Let me end with two illustrations from other constituencies.  First, the “Re-Opening Roadmap: A Gradual, Measured Approach to Easing Public Health Measures” as provided by the government of Saskatchewan.

This “Re-Opening Roadmap” is a three-step plan gradually to lift current public health restrictions as Saskatchewan reaches significant vaccination levels.  It also provides Saskatchewan people with an incentive to continue following public health measures and a clear reason to get vaccinated.

Saskatchewan Premier Scott Moe said.  “This is not only a re-opening plan. It’s also a plan to encourage people to get vaccinated and to keep following all the public health orders and guidelines.  Those are the two things we all need to do in order to move forward through the three steps of re-opening so we can enjoy a great Saskatchewan summer and get back to normal.”

The Re-Opening Roadmap includes three steps based on vaccination thresholds, vaccine availability and timing between steps.  The thresholds are related to vaccines received by residents, not to specific dates.

The second example comes from Minnesota where Governor Tim Waltz revealed a three-step timeline for ending nearly all statewide COVID-19 restrictions.  Again, this timeline is based on acceptance of restrictions now in order that the opening of the state may occur as soon as possible. Although dates are suggested, Waltz states that these are projections, dependent on the Covid-19 outbreaks.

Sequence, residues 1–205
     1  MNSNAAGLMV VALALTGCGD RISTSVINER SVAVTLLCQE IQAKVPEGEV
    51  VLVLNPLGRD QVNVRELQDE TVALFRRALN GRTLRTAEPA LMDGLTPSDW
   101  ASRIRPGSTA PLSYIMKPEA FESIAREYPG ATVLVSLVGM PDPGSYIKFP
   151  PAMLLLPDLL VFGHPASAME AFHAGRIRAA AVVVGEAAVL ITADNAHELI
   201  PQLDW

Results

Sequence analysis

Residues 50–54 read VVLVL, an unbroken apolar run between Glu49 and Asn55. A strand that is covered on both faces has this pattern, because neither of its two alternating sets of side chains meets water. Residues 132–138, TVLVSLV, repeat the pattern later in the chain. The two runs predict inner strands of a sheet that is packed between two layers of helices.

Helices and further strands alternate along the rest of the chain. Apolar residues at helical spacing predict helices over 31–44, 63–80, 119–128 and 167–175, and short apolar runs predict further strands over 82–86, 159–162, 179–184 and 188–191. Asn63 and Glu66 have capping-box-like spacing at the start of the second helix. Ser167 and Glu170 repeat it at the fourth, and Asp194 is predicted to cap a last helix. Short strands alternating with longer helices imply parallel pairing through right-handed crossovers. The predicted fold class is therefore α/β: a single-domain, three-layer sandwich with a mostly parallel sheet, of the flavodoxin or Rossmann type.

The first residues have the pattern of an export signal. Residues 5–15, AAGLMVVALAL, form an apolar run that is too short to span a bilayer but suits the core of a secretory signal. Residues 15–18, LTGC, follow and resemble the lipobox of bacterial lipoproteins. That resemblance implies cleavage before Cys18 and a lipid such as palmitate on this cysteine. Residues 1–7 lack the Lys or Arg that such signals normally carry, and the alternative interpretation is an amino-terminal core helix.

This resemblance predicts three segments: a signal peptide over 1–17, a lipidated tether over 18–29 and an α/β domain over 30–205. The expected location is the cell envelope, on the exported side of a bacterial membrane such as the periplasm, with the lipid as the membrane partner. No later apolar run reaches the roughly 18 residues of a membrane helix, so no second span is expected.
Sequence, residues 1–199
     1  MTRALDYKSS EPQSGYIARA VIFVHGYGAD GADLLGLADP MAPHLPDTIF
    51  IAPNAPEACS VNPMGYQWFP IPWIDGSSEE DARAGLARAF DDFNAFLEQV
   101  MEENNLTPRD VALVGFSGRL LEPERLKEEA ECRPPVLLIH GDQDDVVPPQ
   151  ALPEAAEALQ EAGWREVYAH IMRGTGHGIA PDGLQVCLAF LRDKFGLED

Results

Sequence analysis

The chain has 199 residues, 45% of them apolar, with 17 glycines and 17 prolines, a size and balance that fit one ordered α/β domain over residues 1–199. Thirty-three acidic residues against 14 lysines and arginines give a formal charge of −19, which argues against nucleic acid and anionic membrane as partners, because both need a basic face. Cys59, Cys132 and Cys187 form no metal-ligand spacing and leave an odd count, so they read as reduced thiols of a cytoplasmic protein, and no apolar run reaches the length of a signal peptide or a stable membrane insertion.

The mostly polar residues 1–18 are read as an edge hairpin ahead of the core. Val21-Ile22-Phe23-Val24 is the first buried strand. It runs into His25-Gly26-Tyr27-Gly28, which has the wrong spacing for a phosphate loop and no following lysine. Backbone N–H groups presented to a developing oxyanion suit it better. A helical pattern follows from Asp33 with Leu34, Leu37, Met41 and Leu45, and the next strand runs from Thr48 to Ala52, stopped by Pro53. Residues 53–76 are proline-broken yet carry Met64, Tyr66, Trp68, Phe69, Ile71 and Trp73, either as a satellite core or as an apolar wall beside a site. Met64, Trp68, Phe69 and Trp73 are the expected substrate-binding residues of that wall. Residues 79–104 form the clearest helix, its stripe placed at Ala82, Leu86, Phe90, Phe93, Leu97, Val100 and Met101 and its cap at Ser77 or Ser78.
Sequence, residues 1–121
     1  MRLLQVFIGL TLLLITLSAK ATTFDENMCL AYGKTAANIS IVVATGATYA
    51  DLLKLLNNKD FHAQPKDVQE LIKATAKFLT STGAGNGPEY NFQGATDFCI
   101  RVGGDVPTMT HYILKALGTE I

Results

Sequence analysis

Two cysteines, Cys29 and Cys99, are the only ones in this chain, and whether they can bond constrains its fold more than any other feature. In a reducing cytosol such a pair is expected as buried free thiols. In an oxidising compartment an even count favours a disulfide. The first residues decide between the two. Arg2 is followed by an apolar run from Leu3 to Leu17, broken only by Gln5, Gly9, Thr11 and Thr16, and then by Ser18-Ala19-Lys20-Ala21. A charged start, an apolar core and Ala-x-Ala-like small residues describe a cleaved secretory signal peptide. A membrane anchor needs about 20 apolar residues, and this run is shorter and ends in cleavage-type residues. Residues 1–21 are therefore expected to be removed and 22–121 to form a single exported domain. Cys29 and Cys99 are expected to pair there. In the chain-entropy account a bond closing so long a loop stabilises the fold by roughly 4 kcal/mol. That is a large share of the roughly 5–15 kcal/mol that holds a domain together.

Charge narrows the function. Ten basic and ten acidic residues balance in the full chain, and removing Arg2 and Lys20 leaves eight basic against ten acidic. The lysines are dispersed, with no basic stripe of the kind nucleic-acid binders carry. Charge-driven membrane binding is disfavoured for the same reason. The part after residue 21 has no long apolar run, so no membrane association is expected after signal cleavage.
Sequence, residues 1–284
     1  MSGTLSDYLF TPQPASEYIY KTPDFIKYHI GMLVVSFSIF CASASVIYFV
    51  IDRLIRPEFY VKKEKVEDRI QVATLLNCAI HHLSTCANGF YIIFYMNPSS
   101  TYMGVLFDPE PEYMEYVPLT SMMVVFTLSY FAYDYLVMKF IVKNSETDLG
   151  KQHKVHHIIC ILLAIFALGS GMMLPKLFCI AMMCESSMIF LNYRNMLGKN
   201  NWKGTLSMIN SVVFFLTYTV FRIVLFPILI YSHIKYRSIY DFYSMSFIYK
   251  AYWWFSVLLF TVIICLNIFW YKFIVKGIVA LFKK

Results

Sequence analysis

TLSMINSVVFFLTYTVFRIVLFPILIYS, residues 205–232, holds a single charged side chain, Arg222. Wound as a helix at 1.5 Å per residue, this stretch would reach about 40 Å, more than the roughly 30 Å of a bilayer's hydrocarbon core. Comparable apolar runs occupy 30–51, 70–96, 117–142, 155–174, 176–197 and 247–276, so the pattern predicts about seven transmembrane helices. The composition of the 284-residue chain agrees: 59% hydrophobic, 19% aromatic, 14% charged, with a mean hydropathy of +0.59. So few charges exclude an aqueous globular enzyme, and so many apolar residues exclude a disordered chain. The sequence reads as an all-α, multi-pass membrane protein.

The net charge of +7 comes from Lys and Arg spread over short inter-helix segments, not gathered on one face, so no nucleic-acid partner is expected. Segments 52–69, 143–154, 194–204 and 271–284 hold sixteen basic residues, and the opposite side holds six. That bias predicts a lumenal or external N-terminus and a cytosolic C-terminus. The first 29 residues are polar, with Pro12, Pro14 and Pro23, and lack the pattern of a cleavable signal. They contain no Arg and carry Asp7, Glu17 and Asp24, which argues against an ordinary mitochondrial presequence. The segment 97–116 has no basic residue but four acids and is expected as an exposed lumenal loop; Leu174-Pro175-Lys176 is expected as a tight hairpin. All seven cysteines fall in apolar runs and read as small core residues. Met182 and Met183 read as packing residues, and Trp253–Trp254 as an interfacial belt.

“Good” Friday

What’s Good about Good Friday?

Reflecting on the meaning of this day.

In Hart’s cartoon, B.C., one character said, I hate the term ‘Good Friday’;

Why?

Because his Lord was hanged up on a tree that day.

The response is equally provoking—

How would you feel if He took your guilty place?

Good!

That is really all one needs to say.

Good.

Good Friday—a  time of sorrow and pain

Because the Lord took my place,

And yours as well

He suffered.

Christ sacrificed his kingliness and lined up with the sinners all around.

Wow!

He walked that lonely road up to the garbage dump

And allowed the soldiers and the crowd to nail him to that cross.

He suffered in silence all alone

And died.

This is Good Friday but thankfully we know that’s not the end.

Sunday’s coming!

Now we quietly remember all that God has done

And partake of communion as we remember what Christ did for us.

We reflect on what the suffering means and what it brings to us—

Resurrection!

Streetsweepers of Jerusalem

I am glad we cleaned the streets so carefully.

I always want the best for our Sabbath celebrations.

But now it’s over and a spot check is a must

To make sure all is ready for the week ahead.

One never knows what may be left after the weekly celebration day.

We, you and I, the streetsweepers of Jerusalem, carefully make sure all is clean.

 But, as we swept away what little dirt we found,

I heard a commotion on a far off street,

And wondered what that all could mean.

Jacob and I stopped to listen and soon became aware

Of an unscheduled parade coming down a nearby street—